Moonshine Church     Henry Moonshine (1760-1836) once owned a farm where Moonshine Church is now located.  He donated one acre of land for a free burial ground when his son John died in 1822 at the young age of fourteen.  Early in 1836, Moonshine began to build a foundation for a church but passed away in March of that year, leaving the foundation unfinished.  After his death, the Moonshine community constructed the church, a log-style structure with clapboard covering.  That original church was completely consumed by an early morning fire in 1961 and has been rebuilt since that time.

     Joseph Raber, victim of the infamous group of local murderers named the  "Blue-Eyed Six", is buried in the Moonshine Cemetery.

    The infamous murder of Joseph Raber committed by the "Blue Eyed Six" occurred near this site.  On April 16, 1879, a Grand Jury indicted Charles Drews, Frank Stichler, Henry Wise, Josiah Hummel, Israel Brandt and George Zechman with the murder of Joseph Raber.

     A man of sixty-five years who lived in poverty in a charcoal burner's hut along the Blue Mountains, Joseph Raber had no steady job and depended mainly on the charity of his equally poverty-stricken neighbors.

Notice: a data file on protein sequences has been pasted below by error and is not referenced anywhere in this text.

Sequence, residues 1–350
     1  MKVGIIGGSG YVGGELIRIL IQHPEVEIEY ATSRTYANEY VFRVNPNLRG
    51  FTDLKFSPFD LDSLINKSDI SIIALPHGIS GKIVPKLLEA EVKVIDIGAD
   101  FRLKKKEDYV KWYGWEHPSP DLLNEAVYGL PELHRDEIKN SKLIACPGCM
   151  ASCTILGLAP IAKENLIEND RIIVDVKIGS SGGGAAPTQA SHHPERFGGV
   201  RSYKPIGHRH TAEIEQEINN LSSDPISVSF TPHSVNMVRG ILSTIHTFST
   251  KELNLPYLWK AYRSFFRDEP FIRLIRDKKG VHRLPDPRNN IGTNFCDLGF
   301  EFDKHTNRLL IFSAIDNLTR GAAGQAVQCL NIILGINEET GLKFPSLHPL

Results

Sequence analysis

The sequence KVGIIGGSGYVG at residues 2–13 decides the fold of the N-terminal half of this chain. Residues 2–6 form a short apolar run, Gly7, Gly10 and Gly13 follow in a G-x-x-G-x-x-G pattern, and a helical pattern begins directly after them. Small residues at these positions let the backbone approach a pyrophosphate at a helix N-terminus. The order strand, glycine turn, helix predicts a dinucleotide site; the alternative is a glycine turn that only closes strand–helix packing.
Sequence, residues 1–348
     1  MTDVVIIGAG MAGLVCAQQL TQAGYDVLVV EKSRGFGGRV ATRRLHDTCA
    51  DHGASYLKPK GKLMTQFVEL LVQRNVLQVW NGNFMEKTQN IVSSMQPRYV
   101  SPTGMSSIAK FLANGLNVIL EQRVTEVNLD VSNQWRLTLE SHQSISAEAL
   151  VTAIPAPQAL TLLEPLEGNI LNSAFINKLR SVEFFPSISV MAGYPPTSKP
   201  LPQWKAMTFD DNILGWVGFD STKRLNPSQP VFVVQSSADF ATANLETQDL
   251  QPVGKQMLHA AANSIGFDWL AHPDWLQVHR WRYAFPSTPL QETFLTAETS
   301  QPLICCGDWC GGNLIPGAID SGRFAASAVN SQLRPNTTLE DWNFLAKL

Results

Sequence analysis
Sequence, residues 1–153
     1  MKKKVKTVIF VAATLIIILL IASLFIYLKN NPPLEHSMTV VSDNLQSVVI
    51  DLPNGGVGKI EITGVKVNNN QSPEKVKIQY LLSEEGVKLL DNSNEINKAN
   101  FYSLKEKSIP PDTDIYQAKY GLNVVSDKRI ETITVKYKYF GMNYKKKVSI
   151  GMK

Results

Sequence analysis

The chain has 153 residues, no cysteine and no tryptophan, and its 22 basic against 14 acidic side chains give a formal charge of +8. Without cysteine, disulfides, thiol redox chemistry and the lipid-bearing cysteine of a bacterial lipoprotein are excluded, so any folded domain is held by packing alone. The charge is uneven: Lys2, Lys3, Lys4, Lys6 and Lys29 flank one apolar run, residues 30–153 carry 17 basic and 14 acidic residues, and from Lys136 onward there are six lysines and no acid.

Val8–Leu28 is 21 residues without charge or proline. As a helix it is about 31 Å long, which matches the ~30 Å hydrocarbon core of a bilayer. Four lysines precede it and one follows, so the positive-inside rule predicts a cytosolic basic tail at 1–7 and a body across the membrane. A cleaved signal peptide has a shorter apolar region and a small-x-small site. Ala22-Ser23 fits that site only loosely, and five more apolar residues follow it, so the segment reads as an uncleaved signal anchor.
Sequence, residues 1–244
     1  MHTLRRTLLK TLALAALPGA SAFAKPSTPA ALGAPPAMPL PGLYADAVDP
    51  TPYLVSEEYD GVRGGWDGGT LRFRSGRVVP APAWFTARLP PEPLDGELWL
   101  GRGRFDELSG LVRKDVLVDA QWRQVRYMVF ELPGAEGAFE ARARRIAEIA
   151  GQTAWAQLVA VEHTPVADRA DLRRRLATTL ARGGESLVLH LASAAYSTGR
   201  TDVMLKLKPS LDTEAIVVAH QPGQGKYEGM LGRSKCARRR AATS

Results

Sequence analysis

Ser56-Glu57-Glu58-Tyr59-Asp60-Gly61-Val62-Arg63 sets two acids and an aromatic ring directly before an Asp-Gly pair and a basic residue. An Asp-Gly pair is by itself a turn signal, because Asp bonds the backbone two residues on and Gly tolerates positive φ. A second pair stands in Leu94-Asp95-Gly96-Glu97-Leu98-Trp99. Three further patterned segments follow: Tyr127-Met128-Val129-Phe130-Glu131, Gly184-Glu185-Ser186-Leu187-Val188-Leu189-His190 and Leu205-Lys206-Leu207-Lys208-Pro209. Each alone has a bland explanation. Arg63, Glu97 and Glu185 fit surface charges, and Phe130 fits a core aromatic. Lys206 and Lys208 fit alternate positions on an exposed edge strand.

In early July 1878, the conspirators met at the hotel and agreed to insure Raber for a total of $8,000.  The men told an insurance agent they agreed to take care of Raber for the rest of his life and wanted the policy to cover burial costs, then they drowned Raber in Indiantown Gap Creek.

     The facts and circumstances surrounding the Raber case can hardly be described as dramatic or sensational; nevertheless, the trial did attract interest throughout the world and newsmen from all parts of the globe came to Lebanon to cover the trial.  It remains a mystery whether the case itself or the coverage of it that recorded the trial of the Blue Eyed Six as the most outstanding murder trial ever heard in Lebanon County history.

     Five of the Blue-Eyed Six were hung in Lebanon, one was acquitted.